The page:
Notre Dame Law Professor Amy Barrett was recently confirmed by the US Senate as a judge for the US Court of Appeals for the Seventh Circuit. This confirmation, however, did not draw as many headlines as her contentious confirmation hearing.
When Dianne Feinstein questioned Barrett’s qualifications during her Senate confirmation hearing, something gave her “a very uncomfortable feeling.” She believed Barrett’s religious beliefs posed a threat both to her and the country as a whole.
Public discourse surrounding the hearing largely centered on whether or not Feinstein committed a legal faux pas by imposing a religious litmus test. However, I would suggest that Feinstein’s line of questioning has also created a dangerous precedent that may open the door to increased discrimination based on race, ethnicity, or sex.
But wait a second, you might counter—Amy Barrett is white; Senator Feinstein is white. Both are women–where am I going with this and why does everything have to be about race?! I bring this up because Amy Barrett and Dianne Feinstein do not represent or speak for a large number of women in the US, past or present.
Latino Americans make up the largest minority group in the US, and while religious diversity certainly exists within that group, a majority still claim that religious beliefs are important to them and a majority of those continue to identify as Catholic. For generations, many of us have found a way to integrate our faith and left-of-center political views, likely because of the history, culture, and political legacies of the countries our ancestors called home.
Many of these people are women–they are women of color. A precedent of silencing or rejecting a person based on their perceived religious views gives people with racist or sexist inclinations and biases—even implicit biases—an easy road to follow. “She’s Catholic–she will undermine so much that we’ve worked for,” can easily become a path for denying Latina women positions of power and preserving racial and gender imbalances in influence and power.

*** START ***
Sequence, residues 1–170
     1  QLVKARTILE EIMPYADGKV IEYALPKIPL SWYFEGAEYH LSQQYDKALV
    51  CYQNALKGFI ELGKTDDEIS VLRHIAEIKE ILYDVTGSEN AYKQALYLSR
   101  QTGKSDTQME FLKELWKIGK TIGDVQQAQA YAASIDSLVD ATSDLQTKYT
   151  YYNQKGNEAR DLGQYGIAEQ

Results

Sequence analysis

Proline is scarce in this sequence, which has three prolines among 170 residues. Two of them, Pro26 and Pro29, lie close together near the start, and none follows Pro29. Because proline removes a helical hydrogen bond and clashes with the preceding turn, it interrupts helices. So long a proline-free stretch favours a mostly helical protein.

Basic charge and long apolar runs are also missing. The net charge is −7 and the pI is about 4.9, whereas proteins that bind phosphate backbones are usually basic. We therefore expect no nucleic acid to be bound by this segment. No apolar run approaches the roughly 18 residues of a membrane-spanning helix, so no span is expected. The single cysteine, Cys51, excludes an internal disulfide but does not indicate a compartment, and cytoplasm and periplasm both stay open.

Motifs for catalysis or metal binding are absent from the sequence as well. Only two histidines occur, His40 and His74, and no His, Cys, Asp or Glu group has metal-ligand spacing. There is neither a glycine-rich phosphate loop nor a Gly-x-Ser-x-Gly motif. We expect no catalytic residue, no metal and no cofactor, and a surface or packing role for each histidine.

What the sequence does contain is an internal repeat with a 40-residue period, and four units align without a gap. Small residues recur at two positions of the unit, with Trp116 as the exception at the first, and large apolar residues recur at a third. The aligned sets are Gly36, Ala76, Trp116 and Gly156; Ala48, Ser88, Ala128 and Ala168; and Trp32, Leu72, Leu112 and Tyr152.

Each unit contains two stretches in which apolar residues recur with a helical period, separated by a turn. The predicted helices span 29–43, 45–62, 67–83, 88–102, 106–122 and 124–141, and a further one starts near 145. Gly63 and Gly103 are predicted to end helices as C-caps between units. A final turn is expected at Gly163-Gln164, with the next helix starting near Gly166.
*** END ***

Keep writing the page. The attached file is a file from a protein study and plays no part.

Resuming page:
Given the Catholics who currently dominate political power and media influence in the US and claim to speak on our behalf, Feinstein’s caution against confirming Amy Barrett is not a clear sign of anti-Catholic bigotry. But it does echo the tactics of past movements that have sought to suppress immigrant Catholic groups and their beliefs in the name of protecting America.
She told people like me that she will determine if I’m worthy of having a voice in her party or if I should stay quiet and just provide her a vote. Her approach threatens where I can and can’t work; what I can and can’t think; who I can and can’t be. If I, and my family, are really American or not. For a feminist who claims she values the contribution of my family to this country, this is pretty ironic.
Desiree Garcia works as a designer in the tech industry, a job that provides more insight into our faith than you may think.